Tag Archives: WHO

Is the Formula Industry Overpowering Breastfeeding?

Yesterday global women’s and children’s advocates sounded the alarm regarding alleged strong-arming by US delegates at this year’s World Health Assembly (WHA) in Geneva.  The issue at hand was the rights of women regarding their choice between breastfeeding and formula feeding.

According to the New York Times, the US delegation sought to remove the language in a pro-breastfeeding resolution that compelled countries to “protect, promote and support breastfeeding” and to remove any restrictions on formula that many global health experts contend is harmful to infants and toddlers.

The US delegation threatened Ecuador (the sponsoring country for the resolution) with devasting trade measures and a reduction in military aid. Ecuador acquiesced as did many more African and Latin American countries until Russia stepped up to sponsor the resolution, a country the US could not threaten.

Lucy M. Sullivan, Executive Director of 1000 Days, tweeted an entire thread about what was happening at the World Health Assembly in May.

Continue reading Is the Formula Industry Overpowering Breastfeeding?

World Immunization Week Starts With a Global Challenge

Today starts World Immunization Week which is a time to reflect on the major accomplishments we’ve seen on routine vaccinations of children worldwide, but also to look critically at the challenges that children face who are still not fully immunized.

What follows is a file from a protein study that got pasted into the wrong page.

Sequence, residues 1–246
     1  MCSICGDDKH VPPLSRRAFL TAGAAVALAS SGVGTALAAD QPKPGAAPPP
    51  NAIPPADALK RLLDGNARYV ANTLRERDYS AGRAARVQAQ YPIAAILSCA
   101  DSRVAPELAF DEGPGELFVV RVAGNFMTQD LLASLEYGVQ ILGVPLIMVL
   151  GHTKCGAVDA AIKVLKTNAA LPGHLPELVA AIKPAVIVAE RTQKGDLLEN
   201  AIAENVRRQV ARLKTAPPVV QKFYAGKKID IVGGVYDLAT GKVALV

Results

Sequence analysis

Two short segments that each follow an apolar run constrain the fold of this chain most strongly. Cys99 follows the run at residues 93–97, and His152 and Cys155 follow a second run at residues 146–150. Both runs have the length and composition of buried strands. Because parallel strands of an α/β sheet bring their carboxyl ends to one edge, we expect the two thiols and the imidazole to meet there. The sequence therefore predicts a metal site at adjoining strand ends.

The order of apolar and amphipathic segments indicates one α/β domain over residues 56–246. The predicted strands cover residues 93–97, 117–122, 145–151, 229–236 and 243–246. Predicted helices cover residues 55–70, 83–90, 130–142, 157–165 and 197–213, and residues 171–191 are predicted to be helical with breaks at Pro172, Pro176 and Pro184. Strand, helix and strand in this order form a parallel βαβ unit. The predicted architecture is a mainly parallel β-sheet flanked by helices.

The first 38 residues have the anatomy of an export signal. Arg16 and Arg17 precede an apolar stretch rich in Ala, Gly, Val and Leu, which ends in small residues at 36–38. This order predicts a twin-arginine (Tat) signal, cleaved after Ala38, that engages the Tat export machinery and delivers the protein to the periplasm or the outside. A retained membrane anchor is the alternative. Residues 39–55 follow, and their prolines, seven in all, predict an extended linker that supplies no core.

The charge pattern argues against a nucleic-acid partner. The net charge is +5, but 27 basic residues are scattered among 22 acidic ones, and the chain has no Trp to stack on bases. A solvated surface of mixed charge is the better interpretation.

This year the World Health Organization is calling upon the global health community, governments, civil society, and other key actors to close the gap for under-immunized children. Today immunizations curb 2 – 3 million child deaths from diphtheria, tetanus, pertussis (whooping cough), and measles. each year, but that number of saved lives can be larger.  Today 84 percent of children have received three doses of the DPT vaccine, but a whopping 21.8 million infants do not have complete vaccines, that is 1 in 5 children who still lack all of their basic vaccines.

“World Immunization Week creates a focused global platform to reinvigorate our collective efforts to ensure vaccination for every child, whoever they are and wherever they live,” said Dr Flavia Bustreo, WHO Assistant Director-General, Family, Women’s and Children’s Health. “It is critical that the global community now makes a collective and cohesive effort to put progress towards our 6 targets back on track.”

Continue reading World Immunization Week Starts With a Global Challenge

#SouthAfricaCares Side Event In Photos #PMNCHLive

During a packed event at Michelangelo hotel in Johannesburg, key partners including Save the Children, World Vision, PATH, Mothers 2 Mothers, and the Society of Midwives of South Africa came together to rally support for newborns and celebrate the progress thus far to save millions of vulnerable newborns around the world.

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The Every Newborn Action Plan was endorsed by 194 countries in May 2014 and will be officially launched at the PMNCH Partners’ Forum today. At this early pre-event called “A Common Thread: Reaching Every Woman and Every Newborn” leaders in the global call to save newborns and their mothers spoke including Margaret Chan, Director General of the World Health Organization, Joy Lawn, professor at the London School of Hygiene and Tropical Medicine, and Dr. Tedros Ghebreyesus, former Ethiopian Minister of Health as well as the Minister of Health of South Africa.